Nature, Exploration, Tools and Weaponry, Bushcraft, History and Related Musings.

Monday, January 3, 2011


Today was an exceptionally pleasant winter day for Northeast Ohio, with clear sunny skies and a temperature in the twenties. We had a brief warm-up last week which melted most of the snow, and although I enjoy the frigid winter, I also took advantage of the eased travel and work which this milder weather provides. So, I decided to take the dog, my Schrade X-timer camp knife, and Swedish Firesteel on a journey to test out some natural tinders.

For the first trial, I gathered some dead leaves that remained clinging to standing saplings, a few feet off of the ground. I mixed these with similar leaves from woody plants (weeds, essentially) and the fluffy "seeds" which abundantly fill out the top of the plant (like wheat). I took this assemblage, and ground it finely between my palms, forming a tinder pile over a pre-assembled base of wood, which elevated it above the damp ground. This pile was difficult to light, and it took a couple dozen sparkings with the ferrocium rod to achieve any lasting embers. Eventually it produced a flame, which took to kindling with ease.

The second trial began with a base layer of dried grass blades, again ground through the palms. Once a decent "nest" effect was established, I sprinkled shavings of dried pine resin from a nearby tree on top. This mixture was much more difficult to light (I've never had much luck with grasses as tinder) and the most I was able to achieve were very small, fleeting embers.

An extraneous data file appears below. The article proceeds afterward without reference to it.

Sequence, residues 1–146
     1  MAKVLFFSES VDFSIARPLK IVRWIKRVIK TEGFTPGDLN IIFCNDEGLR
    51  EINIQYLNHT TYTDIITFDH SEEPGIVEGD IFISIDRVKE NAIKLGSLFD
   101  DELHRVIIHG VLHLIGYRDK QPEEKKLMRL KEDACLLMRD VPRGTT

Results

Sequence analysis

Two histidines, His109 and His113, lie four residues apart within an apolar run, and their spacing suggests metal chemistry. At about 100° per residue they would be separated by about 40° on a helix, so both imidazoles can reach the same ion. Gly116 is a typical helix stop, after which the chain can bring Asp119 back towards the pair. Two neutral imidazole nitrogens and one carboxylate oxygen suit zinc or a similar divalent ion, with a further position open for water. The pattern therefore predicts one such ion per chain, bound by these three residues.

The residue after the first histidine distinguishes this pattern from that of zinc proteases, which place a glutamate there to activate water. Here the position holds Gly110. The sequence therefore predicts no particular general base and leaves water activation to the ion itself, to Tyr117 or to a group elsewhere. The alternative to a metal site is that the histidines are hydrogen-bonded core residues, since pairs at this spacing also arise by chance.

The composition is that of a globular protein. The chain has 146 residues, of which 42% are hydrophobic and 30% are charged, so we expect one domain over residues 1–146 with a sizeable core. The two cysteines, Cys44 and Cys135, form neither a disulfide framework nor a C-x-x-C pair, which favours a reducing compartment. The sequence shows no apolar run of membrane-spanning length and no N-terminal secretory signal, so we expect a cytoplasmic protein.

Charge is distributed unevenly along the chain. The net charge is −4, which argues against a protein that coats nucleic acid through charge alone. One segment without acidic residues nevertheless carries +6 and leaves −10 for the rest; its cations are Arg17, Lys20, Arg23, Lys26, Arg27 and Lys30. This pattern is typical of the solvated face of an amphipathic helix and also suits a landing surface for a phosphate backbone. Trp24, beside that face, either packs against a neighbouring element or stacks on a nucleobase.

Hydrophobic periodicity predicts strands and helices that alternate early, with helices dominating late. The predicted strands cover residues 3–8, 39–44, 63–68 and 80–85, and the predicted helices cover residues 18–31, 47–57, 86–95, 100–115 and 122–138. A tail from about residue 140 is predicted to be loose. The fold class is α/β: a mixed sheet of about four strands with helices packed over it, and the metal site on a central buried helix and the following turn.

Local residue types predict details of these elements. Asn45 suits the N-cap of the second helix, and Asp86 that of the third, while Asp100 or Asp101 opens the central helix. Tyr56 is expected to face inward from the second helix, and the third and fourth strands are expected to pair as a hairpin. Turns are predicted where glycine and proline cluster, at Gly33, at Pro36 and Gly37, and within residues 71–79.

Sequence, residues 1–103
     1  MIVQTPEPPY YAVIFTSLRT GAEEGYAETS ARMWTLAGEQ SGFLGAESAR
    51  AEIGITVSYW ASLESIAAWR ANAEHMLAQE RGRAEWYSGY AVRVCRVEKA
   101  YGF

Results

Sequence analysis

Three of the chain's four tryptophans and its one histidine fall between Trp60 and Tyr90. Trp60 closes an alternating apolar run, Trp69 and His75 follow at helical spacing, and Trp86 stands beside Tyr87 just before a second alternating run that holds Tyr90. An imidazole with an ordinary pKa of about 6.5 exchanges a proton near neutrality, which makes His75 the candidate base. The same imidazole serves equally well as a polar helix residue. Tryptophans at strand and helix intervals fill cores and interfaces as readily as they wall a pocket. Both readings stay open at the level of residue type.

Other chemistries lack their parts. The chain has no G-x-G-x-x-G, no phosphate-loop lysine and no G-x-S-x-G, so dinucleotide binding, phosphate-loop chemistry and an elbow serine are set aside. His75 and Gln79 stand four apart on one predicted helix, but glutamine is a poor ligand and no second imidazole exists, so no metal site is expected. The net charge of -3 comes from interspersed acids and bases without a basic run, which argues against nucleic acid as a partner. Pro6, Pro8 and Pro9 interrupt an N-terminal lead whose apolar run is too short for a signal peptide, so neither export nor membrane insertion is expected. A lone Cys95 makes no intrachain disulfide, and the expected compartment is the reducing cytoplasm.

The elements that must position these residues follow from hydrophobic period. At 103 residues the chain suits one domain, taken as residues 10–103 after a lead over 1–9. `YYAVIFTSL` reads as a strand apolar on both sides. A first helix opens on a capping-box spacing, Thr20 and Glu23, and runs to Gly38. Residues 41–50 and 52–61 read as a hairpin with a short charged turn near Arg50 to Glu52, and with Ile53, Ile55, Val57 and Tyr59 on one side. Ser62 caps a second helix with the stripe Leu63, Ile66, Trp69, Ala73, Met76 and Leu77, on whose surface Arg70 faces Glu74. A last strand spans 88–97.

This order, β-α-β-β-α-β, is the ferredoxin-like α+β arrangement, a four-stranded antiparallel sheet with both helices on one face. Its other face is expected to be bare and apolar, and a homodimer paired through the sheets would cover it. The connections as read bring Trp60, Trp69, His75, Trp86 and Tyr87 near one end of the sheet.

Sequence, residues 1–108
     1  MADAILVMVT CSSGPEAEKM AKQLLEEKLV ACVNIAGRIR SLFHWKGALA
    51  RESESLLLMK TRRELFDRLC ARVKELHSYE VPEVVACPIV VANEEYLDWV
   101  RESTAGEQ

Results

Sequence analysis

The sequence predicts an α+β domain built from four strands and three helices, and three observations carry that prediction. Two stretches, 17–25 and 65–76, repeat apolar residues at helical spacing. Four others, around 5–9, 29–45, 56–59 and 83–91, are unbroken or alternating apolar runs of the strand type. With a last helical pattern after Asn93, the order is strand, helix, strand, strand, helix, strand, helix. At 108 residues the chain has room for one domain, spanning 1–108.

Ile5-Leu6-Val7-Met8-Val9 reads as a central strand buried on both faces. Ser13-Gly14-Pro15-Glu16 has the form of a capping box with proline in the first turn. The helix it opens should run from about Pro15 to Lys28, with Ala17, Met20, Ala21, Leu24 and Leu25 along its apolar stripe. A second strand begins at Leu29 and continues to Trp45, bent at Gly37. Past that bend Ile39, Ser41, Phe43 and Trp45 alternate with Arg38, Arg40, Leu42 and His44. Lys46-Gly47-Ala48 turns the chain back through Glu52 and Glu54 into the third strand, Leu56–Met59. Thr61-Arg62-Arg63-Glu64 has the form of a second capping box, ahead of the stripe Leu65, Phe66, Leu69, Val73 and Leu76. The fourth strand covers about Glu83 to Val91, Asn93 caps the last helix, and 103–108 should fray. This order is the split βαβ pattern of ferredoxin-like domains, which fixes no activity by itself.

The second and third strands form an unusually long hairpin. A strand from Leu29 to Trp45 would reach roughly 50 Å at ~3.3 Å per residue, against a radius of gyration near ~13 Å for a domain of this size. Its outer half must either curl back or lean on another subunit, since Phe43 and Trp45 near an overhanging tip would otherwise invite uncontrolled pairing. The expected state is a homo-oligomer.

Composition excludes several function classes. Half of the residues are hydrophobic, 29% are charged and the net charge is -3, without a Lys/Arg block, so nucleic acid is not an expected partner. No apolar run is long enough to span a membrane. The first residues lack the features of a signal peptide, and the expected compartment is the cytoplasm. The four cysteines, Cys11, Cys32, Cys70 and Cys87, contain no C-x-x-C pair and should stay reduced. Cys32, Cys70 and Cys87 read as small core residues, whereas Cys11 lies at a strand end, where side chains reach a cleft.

For the last trial, I used cattail fluff. I had first tried this method last winter in a snowstorm, and was really impressed with the results. About half of a cattail will provide a rather large tinder nest when fluffed. You want the bundle lofty, but just tight enough that it stills binds together. One spark with the Firesteel is all it takes to get a crackling ripple of flame traversing the entire pile. It burns very quickly, so it's a good idea to have other tinder or fine kindling mixed into the pile. Another thing I discovered today is that you can stir the cattail tinder with a stick as it blazes, and it will stay lit. The trick seems to be to maintain a certain amount of loft. The beauty is that the cattail only singes on the outermost portion, so you can fluff it out and relight it over and over again. This is by far my favorite of the natural tinder methods I've tried so far. The video below illustrates the use of cattail as a tinder.

I find that this sort of practice really comes in handy when you are camping or backpacking, and must genuinely start a fire for necessity's sake. It's certainly not a bad idea to get a solid foundation for these essential skills so you don't need to rely upon unnecessary experimentation when time and energy are at stake.


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